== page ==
We’ve come a long way since Adam and Eve, when the first fashion statement was a fig leaf. Today’s fashion industry is complex, globalized and multifaceted, but getting a job in this field still requires an “old-fashioned” fashion cover letter, and that’s what this guide is all about.
The fashion industry today is populated by international celebrities, from top designers to supermodels, as well as ordinary people who cut cloth or blog about fashion. One source, TARGETjobs, lists 28 jobs in the field, but notes that it would be impossible to list every job in the fashion industry.
What we’ll discuss in this guide (reinforced by real cover letter examples):
- The 5 critical components of a cover letter: header, greeting, introduction, body and conclusion
- Best format for a fashion cover letter
- The psychology of writing a persuasive cover letter
- Common mistakes to avoid in your cover letter.
Choosing the best format for a fashion cover letter
The forma” of a fashion cover letter includes all the structural and design elements: the framework, the style, the fonts, the margins, the overall approach to the look and feel. A cover letter should be one page only, a maximum of 400 words, and you need to get all the components right.
The traditional format of a fashion cover letter includes:
- The cover letter header
- The greeting / salutation
- The letter introduction
- The cover letter middle part (body)
- The ending of a cover letter (with a call to action).
Now let’s take a look at each of these in detail (along with some cover letter samples) to see how you can write them better!
Cover letter header
When sending an email, we’re used to putting your name last, but in a cover letter, you need to put it first AND last. Your cover letter header is a section at the top of your letter that should include your name, occupation, address, phone number and email. The header may also include your photo, and perhaps your LinkedIn profile or some other job-relevant link.
The header is an important design element of your cover letter, making it look better at a glance. It may contain a splash of color, innovative use of typography and a creative layout. Below the header, your letter will generally contain nothing but paragraphs in black text, so your header is the only real place to display some of your design chops. (And in fashion, it goes without saying, design is kind of important.)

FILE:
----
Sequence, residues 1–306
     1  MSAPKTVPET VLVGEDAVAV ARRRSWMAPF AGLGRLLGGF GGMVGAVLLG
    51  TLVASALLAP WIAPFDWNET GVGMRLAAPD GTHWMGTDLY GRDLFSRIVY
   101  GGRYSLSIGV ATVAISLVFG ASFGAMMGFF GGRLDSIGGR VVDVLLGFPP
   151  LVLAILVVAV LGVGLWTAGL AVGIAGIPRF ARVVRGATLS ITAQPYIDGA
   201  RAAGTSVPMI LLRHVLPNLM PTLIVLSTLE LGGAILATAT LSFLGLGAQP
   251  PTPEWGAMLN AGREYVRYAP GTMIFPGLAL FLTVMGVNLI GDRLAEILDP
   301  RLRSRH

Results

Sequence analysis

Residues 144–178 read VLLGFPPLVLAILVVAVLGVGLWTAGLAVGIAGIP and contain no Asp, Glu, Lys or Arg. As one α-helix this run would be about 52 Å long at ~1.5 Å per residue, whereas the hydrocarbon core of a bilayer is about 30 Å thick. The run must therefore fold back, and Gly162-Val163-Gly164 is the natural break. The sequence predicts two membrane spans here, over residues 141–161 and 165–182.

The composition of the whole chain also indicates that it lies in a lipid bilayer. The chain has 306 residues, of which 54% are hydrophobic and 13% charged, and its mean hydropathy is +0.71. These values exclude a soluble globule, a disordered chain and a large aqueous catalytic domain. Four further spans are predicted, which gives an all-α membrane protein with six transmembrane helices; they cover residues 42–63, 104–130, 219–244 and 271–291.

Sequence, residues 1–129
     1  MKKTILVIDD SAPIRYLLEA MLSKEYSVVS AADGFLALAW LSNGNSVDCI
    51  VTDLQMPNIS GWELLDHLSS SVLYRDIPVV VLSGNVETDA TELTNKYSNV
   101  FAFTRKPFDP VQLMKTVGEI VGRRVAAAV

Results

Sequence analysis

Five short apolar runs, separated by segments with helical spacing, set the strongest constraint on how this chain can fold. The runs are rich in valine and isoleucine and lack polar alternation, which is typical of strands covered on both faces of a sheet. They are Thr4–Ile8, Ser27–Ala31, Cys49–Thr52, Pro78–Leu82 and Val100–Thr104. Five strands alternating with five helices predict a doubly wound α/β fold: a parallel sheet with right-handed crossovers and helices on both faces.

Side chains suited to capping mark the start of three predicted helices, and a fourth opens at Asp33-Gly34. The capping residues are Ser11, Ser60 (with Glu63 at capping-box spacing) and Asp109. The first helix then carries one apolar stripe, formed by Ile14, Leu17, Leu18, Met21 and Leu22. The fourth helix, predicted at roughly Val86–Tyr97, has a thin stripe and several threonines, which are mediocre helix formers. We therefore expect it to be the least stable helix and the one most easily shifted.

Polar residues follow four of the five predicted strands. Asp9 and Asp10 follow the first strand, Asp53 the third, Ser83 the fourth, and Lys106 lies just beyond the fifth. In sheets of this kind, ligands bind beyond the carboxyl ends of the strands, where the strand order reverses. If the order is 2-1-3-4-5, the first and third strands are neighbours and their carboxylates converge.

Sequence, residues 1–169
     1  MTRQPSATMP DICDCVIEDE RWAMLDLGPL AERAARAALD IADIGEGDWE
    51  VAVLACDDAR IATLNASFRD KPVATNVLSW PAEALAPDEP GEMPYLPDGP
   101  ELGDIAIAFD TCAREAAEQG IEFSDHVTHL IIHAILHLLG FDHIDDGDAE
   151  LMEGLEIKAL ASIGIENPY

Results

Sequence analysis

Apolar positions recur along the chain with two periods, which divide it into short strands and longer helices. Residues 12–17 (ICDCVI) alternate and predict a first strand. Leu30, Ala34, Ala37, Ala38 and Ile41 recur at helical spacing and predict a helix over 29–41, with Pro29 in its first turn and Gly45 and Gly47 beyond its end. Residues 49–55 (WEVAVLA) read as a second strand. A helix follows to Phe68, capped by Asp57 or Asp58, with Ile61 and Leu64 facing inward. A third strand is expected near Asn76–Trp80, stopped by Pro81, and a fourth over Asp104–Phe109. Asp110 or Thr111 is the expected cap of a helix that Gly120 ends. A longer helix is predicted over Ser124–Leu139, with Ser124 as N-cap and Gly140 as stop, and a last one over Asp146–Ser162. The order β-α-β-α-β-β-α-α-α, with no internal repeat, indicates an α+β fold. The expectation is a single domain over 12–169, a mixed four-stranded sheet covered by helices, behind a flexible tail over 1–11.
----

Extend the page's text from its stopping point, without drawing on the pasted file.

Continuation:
If you’re a brilliant designer, by all means feel free to design your own cover letter header. But bear in mind that designing a dress and designing a page of text are two different challenges. The safest way to choose a resume header is to use a professional template that’s pre-designed for you.
788 North Fisher Way, New York, NY 10458, United States
Cover letter greeting
When you write a letter to your sister Sue, feel free to open by saying “Hey Sue.” But don’t even think of adopting such a casual style for a cover letter greeting — unless you happen to know the person you’re writing to really well.
“Dear Mr. X” or “Dear Ms. Y” are the traditional and time-honored ways of writing the greeting, also known as the salutation, for any business letter. Don’t overthink this, and go with the safest option unless there’s a good reason not to. And by the way, if you don’t know the name of the person you should be writing to, do what you can to find out, as a cover letter addressed to an actual person will generally get better results.
Below you can find a cover letter sample of the greeting.
Dear Mrs. Samson,
Cover letter introduction
Your first paragraph, the cover letter introduction, should make a compelling opening statement about your qualifications for the job you’re seeking.